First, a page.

But it’s okay!
I’m not anxious about this. Do you want to know why?
Because the head of the school assured me that it will be fine. They will help my girls catch up. They will work with me to do the extra work needed to bring them up to speed. And I know that they will. I have faith.
School Dress Code
The schools in the UK are far more relaxed when it comes to dress code, sporting attendance, and club participation. But don’t let this persuade to let you think they are ‘soft’. They are not! This is a whole blog post on its own, but suffice it to say that my eldest and I are both coping amazingly well with the reduced level of anxiety that we are living in, whilst still conforming to expectations!
The choices the kids are given, not only apply to the three different healthy meal options per day, but also to the different uniform styles that are accepted by the school. The fact that they encourage ‘choice’ by their students, blew me away!
If you want to wear shorts or a skirt to school, tights or a dress, does it matter? As long as your uniform meets the colour & decency requirements, it doesn’t matter. You can wear any colour hair bands, you can take any type of bag, and you even have a choice of 3 different meal options per day provided by the school (at your cost), or you can take a pack-up from home.
Whilst I think it’s a good thing that some schools do have very strict school uniform rules, the added pressure this puts on kids is not better. My eldest has sensory processing issues and it took her weeks to get used to a button up shirt with a tie around her neck. The fact that there are so many choices here means that everyone will manage to find something that works for them.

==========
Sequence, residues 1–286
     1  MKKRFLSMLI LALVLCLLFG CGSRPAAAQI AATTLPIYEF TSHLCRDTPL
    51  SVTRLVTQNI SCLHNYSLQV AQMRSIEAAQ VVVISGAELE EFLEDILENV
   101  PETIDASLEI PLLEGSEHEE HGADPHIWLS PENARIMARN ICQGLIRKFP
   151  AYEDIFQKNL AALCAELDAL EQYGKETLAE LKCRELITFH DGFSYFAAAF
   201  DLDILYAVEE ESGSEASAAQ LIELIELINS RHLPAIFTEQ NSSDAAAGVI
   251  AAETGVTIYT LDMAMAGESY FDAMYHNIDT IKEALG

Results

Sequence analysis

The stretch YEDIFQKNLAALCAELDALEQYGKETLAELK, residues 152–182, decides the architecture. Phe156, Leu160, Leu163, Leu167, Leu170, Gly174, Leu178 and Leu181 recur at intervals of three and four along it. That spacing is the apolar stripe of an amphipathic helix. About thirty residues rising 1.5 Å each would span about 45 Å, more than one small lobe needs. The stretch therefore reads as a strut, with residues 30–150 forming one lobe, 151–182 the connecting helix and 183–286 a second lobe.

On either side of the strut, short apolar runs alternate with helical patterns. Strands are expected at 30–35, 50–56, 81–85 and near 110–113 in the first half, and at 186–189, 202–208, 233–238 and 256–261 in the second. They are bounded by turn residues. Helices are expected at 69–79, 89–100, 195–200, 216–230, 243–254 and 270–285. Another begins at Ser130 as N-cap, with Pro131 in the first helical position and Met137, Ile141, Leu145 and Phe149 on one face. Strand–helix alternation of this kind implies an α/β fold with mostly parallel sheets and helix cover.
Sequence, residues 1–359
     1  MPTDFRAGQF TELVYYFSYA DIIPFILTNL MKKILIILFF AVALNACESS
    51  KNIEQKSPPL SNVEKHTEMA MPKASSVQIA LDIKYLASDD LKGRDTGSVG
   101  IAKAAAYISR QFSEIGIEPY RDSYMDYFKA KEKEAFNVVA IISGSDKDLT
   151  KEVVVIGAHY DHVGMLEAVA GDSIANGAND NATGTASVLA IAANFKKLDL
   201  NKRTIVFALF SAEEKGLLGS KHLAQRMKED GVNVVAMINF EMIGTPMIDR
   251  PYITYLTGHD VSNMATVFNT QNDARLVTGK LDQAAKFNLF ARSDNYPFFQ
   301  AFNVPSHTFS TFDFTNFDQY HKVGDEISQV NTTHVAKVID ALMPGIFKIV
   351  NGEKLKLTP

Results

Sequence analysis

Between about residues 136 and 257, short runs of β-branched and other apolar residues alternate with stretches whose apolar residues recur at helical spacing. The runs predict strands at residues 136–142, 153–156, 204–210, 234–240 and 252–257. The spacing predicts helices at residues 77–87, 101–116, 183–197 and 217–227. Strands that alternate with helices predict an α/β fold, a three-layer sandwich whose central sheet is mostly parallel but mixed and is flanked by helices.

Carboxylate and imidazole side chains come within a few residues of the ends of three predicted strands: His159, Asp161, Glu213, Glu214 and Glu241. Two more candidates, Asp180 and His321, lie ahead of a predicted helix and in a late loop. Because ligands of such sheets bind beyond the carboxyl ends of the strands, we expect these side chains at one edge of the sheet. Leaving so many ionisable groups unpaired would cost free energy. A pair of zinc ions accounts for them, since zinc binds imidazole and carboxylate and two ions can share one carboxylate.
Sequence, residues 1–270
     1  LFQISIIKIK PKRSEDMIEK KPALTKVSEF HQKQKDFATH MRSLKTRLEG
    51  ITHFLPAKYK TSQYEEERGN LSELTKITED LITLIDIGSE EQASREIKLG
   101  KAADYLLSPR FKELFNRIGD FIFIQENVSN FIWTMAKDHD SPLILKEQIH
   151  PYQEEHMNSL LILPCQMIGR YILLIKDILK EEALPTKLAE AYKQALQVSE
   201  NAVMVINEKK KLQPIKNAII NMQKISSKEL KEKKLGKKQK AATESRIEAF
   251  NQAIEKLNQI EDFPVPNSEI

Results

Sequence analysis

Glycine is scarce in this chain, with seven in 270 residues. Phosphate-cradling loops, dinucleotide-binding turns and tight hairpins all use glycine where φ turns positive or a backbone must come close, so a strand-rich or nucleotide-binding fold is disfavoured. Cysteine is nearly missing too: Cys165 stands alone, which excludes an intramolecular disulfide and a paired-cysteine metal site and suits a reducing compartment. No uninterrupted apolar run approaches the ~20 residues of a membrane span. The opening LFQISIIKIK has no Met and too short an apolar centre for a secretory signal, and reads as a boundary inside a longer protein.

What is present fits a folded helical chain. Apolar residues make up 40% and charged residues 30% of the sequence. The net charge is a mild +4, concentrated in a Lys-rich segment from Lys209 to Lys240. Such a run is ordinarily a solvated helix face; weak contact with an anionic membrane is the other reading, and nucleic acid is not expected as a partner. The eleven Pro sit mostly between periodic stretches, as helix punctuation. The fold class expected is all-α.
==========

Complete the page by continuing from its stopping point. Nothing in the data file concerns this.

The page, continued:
And the uniforms here are super cheap and available at all major supermarket clothing chains which makes buying them easier.
Sport & Culture
The girls are doing PE at school twice a week. It is part of their school curriculum.
They are not doing any afternoon sports as yet. We joined at the end of the school year when most of the sport & culture clubs have already finished for the year. When they go back in September I will be encouraging them to both take up one sport (I suspect either Hockey or Football/Soccer), and maybe one culture club too.
In addition to this, I really want to get them to join a swimming club. Obviously it will be indoors, but they both love swimming, and my eldest is quite good so you never know …
Sport is definitely more of a priority in SA schools than it is in the UK schools. I know they are both missing their sports, but I can’t say I’m missing the crazy afternoon mom taxi service!
Are They Happy?
Yes. They absolutely love their new school. So do I. It’s not better than their old school, it’s just different. I am happy that they are happy, and that’s all that matters. They will catch up. They are awesome kids.
We have another 5 days of school left for the school year before our long summer holidays. They really do need a break so we are looking forward to chilling, relaxing and reading!